While most pregnancies are smooth sailing, some women do have a tougher time than others.
Anaemia is a condition in which mums-to-be have less than the usual number of red blood cells in her blood. It can occur during pregnancy and is most often caused by the increased iron demands of the baby and the necessity for the pregnant women to expand her blood volume.
If you are anaemic, you may feel tired and are less able to cope with any loss of blood when you give birth. If routine blood tests during pregnancy show that you are anaemic, the doctor may prescribe iron and folic acid tablets. Sometimes anaemia occurs due to excessive blood loss e.g. bleeding piles or gastric ulcers. Do let your doctor know if you have any of these symptoms.
Depression during pregnancy can occur when changes experienced by the mum-to-be are overwhelming. Symptoms include low mood, irritability, loss of interest, poor appetite, poor concentration, excessive self-blame or guilt, and feeling that life is meaningless.
If these symptoms continue for two weeks or more, and/or affect your work and the people around you, talk to your doctor. With proper care and management, you can still enjoy the journey to parenthood and reduce the chances of developing postnatal depression.
Due to the hormonal changes in pregnancy, some women may become diabetic during pregnancy. If it clears up after delivery, it is merely gestational diabetes. This means they are diabetic only when pregnant but it also means they are at risk of becoming diabetic later in life. Risk factors for gestational diabetes are first-degree family history of diabetes (i.e. parents and siblings), obesity, previous baby weighing more than 4kg or past history of gestational diabetes in pregnancy. Some women remain diabetic even after delivery. These women are true diabetics who happen to be picked up at pregnancy.
Diabetic mums-to-be may be at risk of:
- having a large baby weighing more than 4kg. This may mean a more difficult delivery and an increased possibility of requiring a caesarean section (C-section). There is also a higher risk of the baby’s shoulders being stuck at delivery, which may result in birth injury and rarely brain damage.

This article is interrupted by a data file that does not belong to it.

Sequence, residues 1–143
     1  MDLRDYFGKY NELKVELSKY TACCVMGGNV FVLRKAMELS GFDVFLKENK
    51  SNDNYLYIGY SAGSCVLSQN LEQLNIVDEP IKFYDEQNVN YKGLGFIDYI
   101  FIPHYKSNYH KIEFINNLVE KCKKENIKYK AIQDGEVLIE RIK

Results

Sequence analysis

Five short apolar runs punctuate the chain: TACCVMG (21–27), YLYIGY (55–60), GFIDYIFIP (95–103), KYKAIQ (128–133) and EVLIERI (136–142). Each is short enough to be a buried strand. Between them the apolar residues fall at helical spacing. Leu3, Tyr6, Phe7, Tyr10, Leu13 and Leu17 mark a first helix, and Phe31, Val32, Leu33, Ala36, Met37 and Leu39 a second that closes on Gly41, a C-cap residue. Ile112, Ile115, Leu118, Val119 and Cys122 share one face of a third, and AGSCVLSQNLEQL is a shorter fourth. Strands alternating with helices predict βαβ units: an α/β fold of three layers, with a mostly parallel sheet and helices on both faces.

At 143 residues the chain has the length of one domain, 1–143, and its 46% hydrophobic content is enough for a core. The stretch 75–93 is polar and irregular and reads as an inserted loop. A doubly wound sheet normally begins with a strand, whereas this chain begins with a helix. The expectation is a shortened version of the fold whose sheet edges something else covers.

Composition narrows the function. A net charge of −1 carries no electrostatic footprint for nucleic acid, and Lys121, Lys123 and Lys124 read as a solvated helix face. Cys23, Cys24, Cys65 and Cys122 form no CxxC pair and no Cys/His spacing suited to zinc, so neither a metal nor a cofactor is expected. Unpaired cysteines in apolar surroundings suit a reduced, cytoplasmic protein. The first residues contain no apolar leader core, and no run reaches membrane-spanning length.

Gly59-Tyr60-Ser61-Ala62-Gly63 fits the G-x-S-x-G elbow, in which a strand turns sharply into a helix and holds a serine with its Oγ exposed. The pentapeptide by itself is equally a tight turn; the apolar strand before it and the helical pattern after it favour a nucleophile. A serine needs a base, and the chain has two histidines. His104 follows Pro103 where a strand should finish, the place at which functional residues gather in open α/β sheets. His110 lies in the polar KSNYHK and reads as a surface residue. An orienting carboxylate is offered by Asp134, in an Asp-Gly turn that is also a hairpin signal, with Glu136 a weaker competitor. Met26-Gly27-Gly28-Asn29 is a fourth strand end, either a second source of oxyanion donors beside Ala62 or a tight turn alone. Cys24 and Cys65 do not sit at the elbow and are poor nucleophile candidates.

- having a miscarriage or stillbirth
- aggravating existing diabetes-related problems of the eyes and kidneys
- developing pre-eclampsia (see below) in the latter half of pregnancy or Type 2 diabetes after pregnancy.
Their babies may be at risk of:
- congenital abnormalities
- having health problems shortly after birth such as breathing difficulties, low blood sugar or low calcium levels
- becoming overweight or developing diabetes later in life.
If you have gestational diabetes, it is important to keep a close tab on your blood sugar by watching your diet and monitoring your blood sugar level. If necessary, your doctor may start you on medication. Having good control of your sugar intake will help minimise the risk to you and your baby. Reduce your sugar and carbohydrate intake and do some exercises. Work closely with your doctor to ensure a safe outcome for you and your baby.
This is known as pregnancy-induced high blood pressure and is associated with protein in the urine. It usually occurs in first-time mothers in the second half of the pregnancy. Pre-eclampsia affects 10 percent of pregnancies and can run in families.
If you have bad headaches, blurred vision, vomiting, a pain just below the ribs and sudden swelling of hands, feet and face, please see your doctor immediately.
Most cases of pre-eclampsia may not cause any symptoms, but it can be life-threatening if left unchecked. Hence it is important that you attend the antenatal appointments. You may need to be hospitalised or even deliver your baby early through induction of labour or C-section.
Such babies will usually be smaller than single babies and are at risk of premature delivery. It is very important early in pregnancy to establish whether you have identical or non-identical twins by ultrasound scan. This is because identical twins have a higher risk of twin-to-twin transfusion which is an imbalance in blood distribution between the two babies who share a common placenta. This might result in one being growth restricted and the other being larger and at risk of heart failure. This type of twins need close monitoring scans to pick up potential problems so that appropriate treatment can be instituted early.
Even non-identical twins require regular scans to monitor their growth. The mode of delivery will depend on the circumstances. This is best discussed with your doctor.
Related: Pregnant with Twins – Double Joy or Double Trouble?
If you have an existing medical condition prior to being pregnant, it is important to ensure a safe outcome for you and your baby during pregnancy by continuing consultation with your doctor.
- 3 signs to look out for in your first trimester
- Antenatal depression: what causes it and how can we treat it?
- Do's and don'ts in pregnancy
- Important nutrients: what should you eat more of?
- Pregnancy complications
Health Promotion Board